Madras 3rd Public Talk 7th January 1984
We ought to talk over together a great many things this evening. We should talk over why human beings get hurt, not biologically but psychologically, and that hurt they carry all through their life. And also we ought to talk over together the question of sorrow, whether that sorrow can ever end, and the implications that are involved in the ending of sorrow. And also as it is the last but one talk we ought to go into the question of what is death, because tomorrow if you are here, and I probably will be here too, we should talk about meditation and if there is anything that's really sacred in life. We will talk about that tomorrow, but today, this evening, it is rather lovely, marvellous clouds, I don't know if you have noticed it, we ought to talk over together, as I said, why human beings from their childhood until they die carry this burden, this pain of hurt, psychologically, inwardly. And whether it is possible never to be hurt, to have a brain that has never known hurt. You understand?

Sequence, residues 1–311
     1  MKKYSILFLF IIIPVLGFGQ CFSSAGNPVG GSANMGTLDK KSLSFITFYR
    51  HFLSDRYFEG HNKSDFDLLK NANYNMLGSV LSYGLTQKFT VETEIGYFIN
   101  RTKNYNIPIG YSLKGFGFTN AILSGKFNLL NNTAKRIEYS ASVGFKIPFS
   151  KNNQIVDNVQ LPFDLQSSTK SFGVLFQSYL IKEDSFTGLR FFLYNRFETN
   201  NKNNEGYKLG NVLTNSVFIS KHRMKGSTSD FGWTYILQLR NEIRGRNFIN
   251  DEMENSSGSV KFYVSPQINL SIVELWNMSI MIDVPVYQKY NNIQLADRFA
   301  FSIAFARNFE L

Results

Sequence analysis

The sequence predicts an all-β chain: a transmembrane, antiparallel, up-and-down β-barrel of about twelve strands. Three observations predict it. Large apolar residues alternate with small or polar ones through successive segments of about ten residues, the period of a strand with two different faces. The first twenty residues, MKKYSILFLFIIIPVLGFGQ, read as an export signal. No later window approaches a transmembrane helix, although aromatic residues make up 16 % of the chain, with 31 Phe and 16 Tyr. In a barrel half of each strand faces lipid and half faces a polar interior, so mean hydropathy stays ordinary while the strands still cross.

And as we also said in the last two talks, if you don't mind it being repeated, this is not a lecture, this is not a meeting, a gathering where one speaker instructs others or informs others; we are having a conversation, two friends sitting under a tree quietly, happily, relaxed, talking about their daily life, talking about the art of living, which is the greatest art. And neither of them is convincing the other, not doing any kind of propaganda of conviction or make the other yield to a certain argument, but two friends who have known each other for sometime, are talking about their lives, as you and the speaker are doing now. It's a form of dialogue. It's a very complex question, the word `dialogue', a conversation between two people. I pose you a question, put you a question and you reply to that question, and to that reply the speaker challenges that reply, so this process of two people talking together and in the process of talking together both of them disappear but only the question and answer remains. You understand? Probably you have never done that kind of conversation, you have never had such a dialogue. We are going to try it. That is, you put a question, to that the speaker replies, and you respond to that reply, back and forth till you have exhausted your prejudices and the speaker also exhausts his convictions, so that both of us are free and therefore there is no you and the speaker remaining, but only the question remains. Have you understood a little bit of this? Probably you have never tried this kind of thing, because we are all so full of ready answers.